[Bikes]

The Motorcycle: Design, Art, Desire

2 years ago | Words: Peter Whitaker | Photos: Rob Dames, Rosco Holden, QAGOMA

I don’t know much about art, but I know what I like.

When the elites residing on New York’s Fifth Avenue learnt how Charles Falzo and Ultan Guilfoyle intended to degrade their city’s Museum of Modern Art, they were mortified. Motorcycles! In our Guggenheim? How uncouth.

Despite the snooty opposition, the exhibition titled The Art of the Motorcycle, ran for three months in 1998, captivating a total attendance of more than 300,000: the largest in Guggenheim’s history!

Many years later, Charles and Ultan, keen to produce another blockbuster, were fortunate to meet fellow motorcycle nut, Michael O’Sullivan – one of the Queensland Gallery of Modern Art (GOMA) curators. And the result is The Motorcycle: Design, Art, Desire.

Two years in the making, this magnificently displayed assemblage of 100 motorcycles features a significant number of collectables with a distinctly Australian heritage; machines such as the 1906 Spencer, and the first all-Australian dirt bike, designed and built with hand-made components by local Brisbane lad, David Spencer.

Then there’s the ‘million dollar’ Vincent Black Lightning, on which Jack Ehret set the Australian Land Speed Record at Gunnedah back in 1953. And the Mugen Honda ME390R, on which Mark Pace contested the groundbreaking ‘Mister Motocross’ series 40 years ago. And, not to be missed, the Red Bull KTM 450 Rallye that took our Toby to victory in the 2016 Dakar. Priceless!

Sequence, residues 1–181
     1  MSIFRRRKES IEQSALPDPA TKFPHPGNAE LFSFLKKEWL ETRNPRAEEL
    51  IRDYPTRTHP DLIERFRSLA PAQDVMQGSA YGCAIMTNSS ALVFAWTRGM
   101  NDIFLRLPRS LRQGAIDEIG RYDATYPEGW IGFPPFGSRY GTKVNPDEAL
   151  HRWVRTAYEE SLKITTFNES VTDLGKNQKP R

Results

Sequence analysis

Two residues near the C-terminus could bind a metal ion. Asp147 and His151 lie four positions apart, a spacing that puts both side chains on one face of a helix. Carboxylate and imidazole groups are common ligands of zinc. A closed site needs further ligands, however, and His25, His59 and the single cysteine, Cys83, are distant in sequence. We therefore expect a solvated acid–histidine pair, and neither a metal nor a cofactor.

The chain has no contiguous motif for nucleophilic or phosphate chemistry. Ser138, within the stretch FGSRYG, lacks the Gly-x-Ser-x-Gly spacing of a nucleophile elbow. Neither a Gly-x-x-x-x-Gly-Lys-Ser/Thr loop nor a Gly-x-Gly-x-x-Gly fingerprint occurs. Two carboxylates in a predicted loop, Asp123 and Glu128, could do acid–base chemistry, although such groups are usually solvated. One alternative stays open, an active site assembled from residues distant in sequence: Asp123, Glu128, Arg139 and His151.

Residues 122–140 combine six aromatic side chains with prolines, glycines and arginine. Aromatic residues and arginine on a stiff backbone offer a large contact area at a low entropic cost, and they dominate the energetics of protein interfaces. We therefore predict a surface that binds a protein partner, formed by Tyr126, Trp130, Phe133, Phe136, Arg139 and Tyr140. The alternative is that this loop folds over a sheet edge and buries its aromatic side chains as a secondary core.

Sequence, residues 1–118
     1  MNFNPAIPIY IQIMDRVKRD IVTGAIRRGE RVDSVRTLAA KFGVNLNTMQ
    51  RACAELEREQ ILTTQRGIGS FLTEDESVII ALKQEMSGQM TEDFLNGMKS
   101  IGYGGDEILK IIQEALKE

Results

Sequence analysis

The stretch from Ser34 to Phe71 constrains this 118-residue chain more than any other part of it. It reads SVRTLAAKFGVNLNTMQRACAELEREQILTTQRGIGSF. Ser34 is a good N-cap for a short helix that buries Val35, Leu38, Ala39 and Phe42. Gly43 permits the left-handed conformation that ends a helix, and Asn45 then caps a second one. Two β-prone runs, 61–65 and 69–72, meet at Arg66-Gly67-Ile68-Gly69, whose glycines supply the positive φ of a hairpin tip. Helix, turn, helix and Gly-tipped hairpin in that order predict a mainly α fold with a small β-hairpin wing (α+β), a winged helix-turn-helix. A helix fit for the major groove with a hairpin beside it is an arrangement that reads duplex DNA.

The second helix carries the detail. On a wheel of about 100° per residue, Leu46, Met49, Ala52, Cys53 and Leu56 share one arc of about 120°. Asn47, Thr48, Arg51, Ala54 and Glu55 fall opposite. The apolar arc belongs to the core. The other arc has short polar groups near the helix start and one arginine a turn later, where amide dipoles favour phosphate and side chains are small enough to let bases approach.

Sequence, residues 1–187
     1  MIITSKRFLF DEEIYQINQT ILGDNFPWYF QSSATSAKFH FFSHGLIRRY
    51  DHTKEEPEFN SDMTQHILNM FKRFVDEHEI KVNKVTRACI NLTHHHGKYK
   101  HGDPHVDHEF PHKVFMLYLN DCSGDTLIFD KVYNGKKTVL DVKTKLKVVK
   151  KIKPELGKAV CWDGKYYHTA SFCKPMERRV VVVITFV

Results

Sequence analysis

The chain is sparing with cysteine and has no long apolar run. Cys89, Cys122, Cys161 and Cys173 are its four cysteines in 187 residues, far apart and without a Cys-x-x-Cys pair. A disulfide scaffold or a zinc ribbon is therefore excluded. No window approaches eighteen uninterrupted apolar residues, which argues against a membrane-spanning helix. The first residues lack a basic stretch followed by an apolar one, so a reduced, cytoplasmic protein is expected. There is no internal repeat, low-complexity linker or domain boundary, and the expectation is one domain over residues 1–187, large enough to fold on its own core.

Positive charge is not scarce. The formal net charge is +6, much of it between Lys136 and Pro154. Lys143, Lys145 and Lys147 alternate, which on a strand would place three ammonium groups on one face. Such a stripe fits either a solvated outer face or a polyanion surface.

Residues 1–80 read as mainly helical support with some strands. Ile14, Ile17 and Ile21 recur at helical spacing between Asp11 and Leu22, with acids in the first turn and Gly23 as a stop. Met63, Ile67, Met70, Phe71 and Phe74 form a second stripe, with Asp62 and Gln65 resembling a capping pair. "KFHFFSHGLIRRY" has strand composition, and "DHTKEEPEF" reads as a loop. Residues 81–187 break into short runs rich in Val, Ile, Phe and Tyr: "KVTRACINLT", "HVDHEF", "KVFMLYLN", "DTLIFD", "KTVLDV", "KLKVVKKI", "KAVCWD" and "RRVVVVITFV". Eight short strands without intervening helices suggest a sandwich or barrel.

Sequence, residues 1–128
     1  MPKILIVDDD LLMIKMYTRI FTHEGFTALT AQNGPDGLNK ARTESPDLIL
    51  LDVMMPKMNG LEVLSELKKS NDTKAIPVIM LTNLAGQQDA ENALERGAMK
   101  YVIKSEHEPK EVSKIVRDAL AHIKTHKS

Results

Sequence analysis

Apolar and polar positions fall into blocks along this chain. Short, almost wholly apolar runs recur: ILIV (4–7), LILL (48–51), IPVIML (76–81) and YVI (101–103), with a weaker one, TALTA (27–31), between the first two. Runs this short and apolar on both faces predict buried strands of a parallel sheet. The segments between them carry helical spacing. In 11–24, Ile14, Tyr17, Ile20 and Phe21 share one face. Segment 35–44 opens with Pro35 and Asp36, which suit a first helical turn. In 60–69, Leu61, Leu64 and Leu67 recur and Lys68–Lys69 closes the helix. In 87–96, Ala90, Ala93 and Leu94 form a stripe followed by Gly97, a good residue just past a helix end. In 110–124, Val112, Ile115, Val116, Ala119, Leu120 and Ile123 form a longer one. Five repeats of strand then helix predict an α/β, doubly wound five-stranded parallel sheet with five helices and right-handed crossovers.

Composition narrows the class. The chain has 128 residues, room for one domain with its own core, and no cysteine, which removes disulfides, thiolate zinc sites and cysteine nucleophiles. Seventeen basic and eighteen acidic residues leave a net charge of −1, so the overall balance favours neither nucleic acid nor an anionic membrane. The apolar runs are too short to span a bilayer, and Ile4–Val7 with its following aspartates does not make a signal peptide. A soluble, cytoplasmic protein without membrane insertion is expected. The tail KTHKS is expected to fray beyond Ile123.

The Kiwis have not been forgotten. Though I personally don’t warm to the colour scheme, the Britten is certainly the most purposeful-looking bike on our planet. And the full-size bisected replica of Burt Munro’s Indian is truly awesome.

Of the other machines on display, the Bauhaus brutal 2020 electric Savic appeared to be a massive industrial intercooler on wheels. If form follows function, then let me off at the next stop. On the other hand, the spectacular star of the show, the 1929 Majestic, with a hopelessly impractical turning circle, would be simply stunning sitting kerbside while I sipped my skinny almond milk iced latte. Or preferably a Pastis or two in a café on the rue des Beaux-Artes.

There’s something for everyone at Charles and Ultan’s show. Movie clips from The Wild One, The Great Escape and Pulp Fiction, interactive displays, plus ‘meet and greets’ with Aussie champions (dependent on travel restrictions). The show closes in late April 2021.

Second best by a long, long margin is the blog that showcases these landmark machines, or this time-lapse vision of the installation coming together.

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